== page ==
A week or so ago I was “playing” with Facebook trying to get it serve me ads on specific topics based on what was in a status or a comment I had written. Facebook is kind of like your trusty dog, it doesn’t believe you would con it. And you know you’ve betrayed a dog’s trust, throwing the ball, throwing the ball, then not throwing to the ball and laughing as your dog takes off running to catch the ball that’s still in your hand.
Likewise, Facebook takes everything you write, runs it through a few algorithms and ta da! If you are writing about Destin, Florida, quite possibly you might click on an ad for beach condos on Hilton Head Island (can’t afford them, at least during the “season). If you use the word liquor, Facebook wants you to “Like” Jim Beam.
That’s all fine and good and actually fun, for a few minutes. But, have you noticed that Google can give you some odd results lately? It used to be that I’d almost always find what I was looking for in the first few results, certainly on the first page of results.
I spent most of this week in Iowa trying a lawsuit, though that’s another story. I’d made a reservation at a Holiday Inn Express in Keokuk last weekend. While there I did a little surfing a couple of times looking for local restaurants. I’ve done this before while at home a search for “Midtown brunch” will give you twenty links to restaurant and ratings sites. Not in Keokuk. I typed in “Keokuk IA restaurants and got paid results for resorts and hotels with meta tags for the word restaurant.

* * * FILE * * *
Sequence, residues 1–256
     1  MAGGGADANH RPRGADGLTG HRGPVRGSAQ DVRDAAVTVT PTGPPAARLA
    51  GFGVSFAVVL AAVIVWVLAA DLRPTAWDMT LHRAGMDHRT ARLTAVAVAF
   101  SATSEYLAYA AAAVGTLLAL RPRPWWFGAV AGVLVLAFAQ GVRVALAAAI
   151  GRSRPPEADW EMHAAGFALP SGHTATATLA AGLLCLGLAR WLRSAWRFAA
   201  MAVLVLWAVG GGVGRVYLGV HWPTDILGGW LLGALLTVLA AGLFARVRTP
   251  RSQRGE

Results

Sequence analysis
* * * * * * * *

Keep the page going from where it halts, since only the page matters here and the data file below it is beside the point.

I finished my trial on Friday, too late to get a flight and decided to stay the weekend in Burlington, Iowa on the Mississippi, making a reservation at a Fairfield Inn & Suites. This morning I Googled “breakfast Burlington IA” and got a list of Bed and Breakfast place, again that used breakfast as a meta tag.
Google is getting as dumb as Facebook. It knows I’ve made two hotel reservations in a week and thinks I’ve got some sort of lodging fetish.
Facebook and Google have “personalized” my “online experience” and I’m not at all sure I like it. There’s of course the creepy factor and the stay out of my business factor. But the dumb algorithm factor is troubling.
I started computer searching decades ago using Westlaw, a legal database, which required a basic understanding of Boolean logic. With the advent of Google and its like I didn’t have to be as precise, as the algorithm “crowd sourced” the likely correct results of my search; and, with millions of users it worked really well.
This new emphasis on what I’ve done in the past having a bearing on what I want to do now doesn’t seem to me to be working well. Maybe they’ll refine it; but, in the meantime, what results that I might well want to see is it filtering based on it’s, flawed, assumptions about me?
Newer isn’t always better. I don’t mind Facebook’s little games, I’m confident I can outthink a 25 year old billionaire, though I sometimes resent him making me have to do it. But, I don’t like the idea of Google skewing the results it gives me based on a poor understanding of who I am and what I want.